Christians become children of God and are brought into a personal relationship with Him through faith in Christ (Eph. 2: 8). It is our relationship to Christ and being in Him who is at His right hand of God the Father as our advocate that allows us the privilege of not only coming into God’s presence through prayer, but of being heard. Anticipating His death, resurrection, and ascension to God’s right hand, Christ told the disciples that they were to pray to the Father in His name. “Neither is there salvation in any other: for there is none other name under heaven given among men, whereby we must be saved” (Acts 4: 12). Thus, the biblical pattern for prayer is to pray to the Father in the name of the Son, and in the power or control of the Holy Spirit. Jesus taught His disciples to pray in no other name but His name (Jn. 14: 13, 14; 15: 16; 16: 23, 24). Praying in the name of Jesus is all about qualification and access. This point is well emphasised by Paul in Eph. 2: 18 “For through him we both have access by one Spirit unto the Father”. Esther in 4: 9 – 16 acknowledges that no one can walk into the presence of a King unless permission has been granted, otherwise that would be definite imprisonment or death. Doing something in someone else's name has two implications. First, you come by the authority of the other person. You are not coming in your own authority but because someone else authorized you to take these actions. When David fought Goliath, he came unto him "in the name of the LORD of hosts, the God of the armies of Israel, whom thou hast defied" (1 Samuel 17:45). He was not coming in his own power or authority but in that which belonged to God alone. This gave David the authority and ability to fight against the giant Goliath…and win. Second, when you come in someone’s name, you come in his stead. The person to whom you come is expected to react to you, not on the basis of who you are, but as if the person who sent you was there himself. They are to treat you as they would treat the one who authorized you to come. When David sent servants to Nabal to ask for food, "they spake to Nabal according to all those words in the name of David" (1 Samuel 25:9). Therefore, when Nabal insulted David's servants (who came in David's name), he insulted David just as directly as if he had spoken to him to his face.
The Bible nowhere instructs believers in Christ to pray to anyone other than God. The Bible nowhere encourages, or even mentions, believers asking individuals in heaven for their prayers. This concept is blatantly unbiblical. Hebrews 4:16 tells us that we, believers here on earth, can "approach the throne of grace with confidence." It is declared in 1 Timothy 2:5, 6" For there is one God, and one mediator between God and men, the man Christ Jesus; Who gave himself a ransom for all, to be testified in due time." There is no one else that can mediate with God for us. If Jesus is the ONLY mediator that indicates other saints cannot be mediators. They cannot mediate our prayer requests to God. Further, the Bible tells us that Jesus Christ Himself is interceding for us before the Father: "Wherefore he is able also to save them to the uttermost that come unto God by him, seeing he ever liveth to make intercession for them" (Hebrews 7:25).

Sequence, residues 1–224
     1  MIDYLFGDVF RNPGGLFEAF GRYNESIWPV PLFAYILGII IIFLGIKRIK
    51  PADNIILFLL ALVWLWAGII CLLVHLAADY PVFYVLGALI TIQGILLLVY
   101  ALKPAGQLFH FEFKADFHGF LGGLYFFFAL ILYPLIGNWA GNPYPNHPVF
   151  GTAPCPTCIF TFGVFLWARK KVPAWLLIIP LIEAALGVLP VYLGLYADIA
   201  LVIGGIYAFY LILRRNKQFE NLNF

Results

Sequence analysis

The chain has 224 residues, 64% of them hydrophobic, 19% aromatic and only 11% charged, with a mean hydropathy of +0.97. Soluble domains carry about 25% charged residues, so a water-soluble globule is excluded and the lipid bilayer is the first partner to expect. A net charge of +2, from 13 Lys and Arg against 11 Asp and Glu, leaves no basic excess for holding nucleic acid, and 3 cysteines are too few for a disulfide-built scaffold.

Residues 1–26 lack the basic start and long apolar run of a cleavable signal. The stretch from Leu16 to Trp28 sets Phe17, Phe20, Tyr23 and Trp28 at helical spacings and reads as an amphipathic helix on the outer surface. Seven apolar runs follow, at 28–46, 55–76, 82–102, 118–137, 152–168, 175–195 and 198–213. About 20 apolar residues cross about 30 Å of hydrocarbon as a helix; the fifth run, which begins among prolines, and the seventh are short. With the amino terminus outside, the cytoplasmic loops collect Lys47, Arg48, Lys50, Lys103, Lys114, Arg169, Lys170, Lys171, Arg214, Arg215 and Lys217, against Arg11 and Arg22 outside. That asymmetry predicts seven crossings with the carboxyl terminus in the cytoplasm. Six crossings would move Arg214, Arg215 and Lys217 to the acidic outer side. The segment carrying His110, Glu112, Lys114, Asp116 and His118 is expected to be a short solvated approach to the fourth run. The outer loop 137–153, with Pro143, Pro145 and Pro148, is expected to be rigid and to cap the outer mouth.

Rev Alfred Ngoma

More Lively Hope

 

Announcements

Kitchen Roster - Today: Group A. Next Lord’s Day: Group B. Please see Sis Megan Lim if you are not sure which group you are in.
*After worship service, please help to put away hymn books, Bibles, chairs and to clean up the premises.
*Adult Sunday School & History of Doctrines will resume next Lord’s Day. All are encouraged to attend.
*Ownership of the Stone Mansion at 82 Wattle St, Fullarton, will be transferred on Friday, 30 Oct.

Prayer Items
Journey mercies: Deaconess Purdee Yeo (S Korea); & others arriving safely at their destinations.
Church activities in the past week.
Visitors & new worshippers.
God’s daily mercy, guidance & blessings.

Praise & Thanksgiving
Health & God’s healing - Pastor Ki; Dr Gary Cohen (USA), Dr SH Tow (S’pore); Rev Patrick Tan (S’pore); Rev Edward & Sis Lehia Paauwe; & others in affliction.
Special Prayer: Rev George van Buuren (heart failure)
iSketch & Tell Ministry: Pr Hai Seng Lim’s ministry in Melbourne.
House of Hope, Cebu - Pastor Roel M Allocod, staff & volunteers; treatment & salvation of drug addicts; Provision of car & sufficient funds for ministry.
New Life BPC (London) - Dr Carl Martin; God’s guidance & encouragement for congregation.
Providence B-P Church, Mawson Lakes - Ps David & Sis Susan Weng, & congregation.
Youth & Assistant Pastor for Hope B-P Church.
Journey mercies: Mr Jun & Mrs Peggy Park (Fiji); & those who are travelling.
Pregnancy: Sis Isabelle Ng.
Interpreters of sermon into Mandarin.
Jobs: Those seeking for jobs in Adelaide.
Persecuted believers in Islamic countries.
God’s guidance: purchase of new church property.
Australia: God’s wisdom for our political leaders. People to repent and turn to God.
God’s guidance & provision of a permanent location for our church, office & fellowship activities.

 

 

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PO Box 398, Fullarton, Adelaide, South Australia 5063